The Washington Wizards seemed to have made the right offseason moves in years past with smart drafts and acquisitions, but injuries have beset the franchise and stalled its development. With a nucleus built around John Wall, Bradley Beal and Nene, things appear to be headed in the right direction, and that was proven in the second half of last season. Wall didn't make his season debut until Jan. 12, and the Wizards were 24-25 from that date on (they were 5-28 before).
The roster still has a lot of question marks beyond those three, though, and Washington has three picks in this draft to help resolve those questions.
Washington got lucky in the NBA lottery, rising to the No.3 overall pick despite seven teams finishing with worse records in 2012-13. Washington also has two second-round picks, No. 38 and No. 54, a pick acquired from the Knicks in the long-forgotten Ronny Turiaf trade.
The Wizards seem well set at four starting positions, with the small forward spot in flux. But as the name implies, depth is a key component to any depth chart. Depth beyond the Wizards' first rotation is an obvious concern, especially behind Wall and Beal. The Wizards proved with this lineup last season that, when healthy, it plays together very well — the team was just one game under .500 when Wall returned from injury in January — and they also proved that when injury strikes, the resulting product barely, at times, resembles a basketball team.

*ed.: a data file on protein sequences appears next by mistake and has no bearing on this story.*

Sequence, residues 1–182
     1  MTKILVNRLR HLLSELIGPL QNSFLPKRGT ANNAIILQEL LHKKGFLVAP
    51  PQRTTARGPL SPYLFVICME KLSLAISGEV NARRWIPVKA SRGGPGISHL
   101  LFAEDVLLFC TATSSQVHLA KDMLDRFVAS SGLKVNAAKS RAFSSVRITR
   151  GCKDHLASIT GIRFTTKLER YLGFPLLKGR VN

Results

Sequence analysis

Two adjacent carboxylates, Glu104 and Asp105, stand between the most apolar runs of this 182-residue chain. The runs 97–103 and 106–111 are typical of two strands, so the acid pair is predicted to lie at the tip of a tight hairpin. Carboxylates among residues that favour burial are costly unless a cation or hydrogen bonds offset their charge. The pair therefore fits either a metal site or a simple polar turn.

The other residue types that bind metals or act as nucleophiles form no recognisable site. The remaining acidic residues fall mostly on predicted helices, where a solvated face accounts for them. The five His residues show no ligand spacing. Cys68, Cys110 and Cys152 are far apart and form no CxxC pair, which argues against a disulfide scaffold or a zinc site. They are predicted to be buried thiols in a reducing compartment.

The Wizards' most pressing need is a player on the wing who, if he can't step into the starting five immediately, can at least come off the bench and take some of the scoring load off Wall and Beal. It's unclear if the Wizards will find Webster's price to be out of their range, which would simply leave them with Ariza. Would they be comfortable with Ariza — known much more for his defensive prowess — and/or Chris Singleton in that role if Webster departs? Also, with Okafor and Nene getting older, the future of Washington's frontcourt is uncertain.
The Wizards seem to be deciding between either Georgetown's Otto Porter (scouting report) or Anthony Bennett of UNLV (scouting report) with the No. 3 pick. Porter seems to be a safer pick, as he's widely regarded as a pick of relative certainty due to the wide array of skills he showed at Georgetown. He excels from both mid-range and the perimeter, creating catch-and-shoot opportunities with sharp cuts and action away from the ball. His athleticism has been criticized, but he should do what he did in college and use his exceptional knowledge of the game and how it operates to compensate. Another advantage to Porter is his age, as he just turned 20 earlier this month.
Bennett is regarded to have more upside than Porter, and maybe even any player in the draft. SB Nation ranked him first on its NBA Draft Big Board for that reason: His impressive freshman season at UNLV only began to show what he was capable of, partially because he was a freshman in college, and partially because the talent around him wasn't fit to pay him proper support. He's 6'8 and 240 pounds, and can hang at either forward position. His defense leaves a bit to be desired, but he clearly has the athleticism to improve if he puts in the work.